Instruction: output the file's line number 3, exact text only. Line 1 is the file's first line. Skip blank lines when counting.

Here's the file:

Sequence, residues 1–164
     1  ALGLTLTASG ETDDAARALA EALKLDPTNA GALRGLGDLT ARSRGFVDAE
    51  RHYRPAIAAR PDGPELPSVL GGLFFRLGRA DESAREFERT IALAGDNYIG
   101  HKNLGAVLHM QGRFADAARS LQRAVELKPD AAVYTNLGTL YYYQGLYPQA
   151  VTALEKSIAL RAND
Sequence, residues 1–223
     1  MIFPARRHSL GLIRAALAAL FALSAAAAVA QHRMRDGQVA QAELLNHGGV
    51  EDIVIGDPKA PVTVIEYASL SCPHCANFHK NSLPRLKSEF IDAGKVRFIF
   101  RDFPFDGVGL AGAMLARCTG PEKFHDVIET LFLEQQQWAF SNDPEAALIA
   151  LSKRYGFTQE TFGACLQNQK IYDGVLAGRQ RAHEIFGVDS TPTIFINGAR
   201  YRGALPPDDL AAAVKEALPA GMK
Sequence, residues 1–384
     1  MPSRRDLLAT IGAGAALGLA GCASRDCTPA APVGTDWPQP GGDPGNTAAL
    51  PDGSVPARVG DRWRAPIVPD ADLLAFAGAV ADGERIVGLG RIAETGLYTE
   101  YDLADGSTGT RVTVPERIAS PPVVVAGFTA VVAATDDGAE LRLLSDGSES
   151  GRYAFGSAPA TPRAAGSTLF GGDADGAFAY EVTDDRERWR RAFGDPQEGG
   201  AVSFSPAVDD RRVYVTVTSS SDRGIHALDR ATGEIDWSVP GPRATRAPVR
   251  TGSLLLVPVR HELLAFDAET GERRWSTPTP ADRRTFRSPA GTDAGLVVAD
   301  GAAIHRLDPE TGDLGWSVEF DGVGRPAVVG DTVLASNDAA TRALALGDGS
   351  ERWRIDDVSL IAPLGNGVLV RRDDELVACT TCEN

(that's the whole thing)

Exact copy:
    51  RHYRPAIAAR PDGPELPSVL GGLFFRLGRA DESAREFERT IALAGDNYIG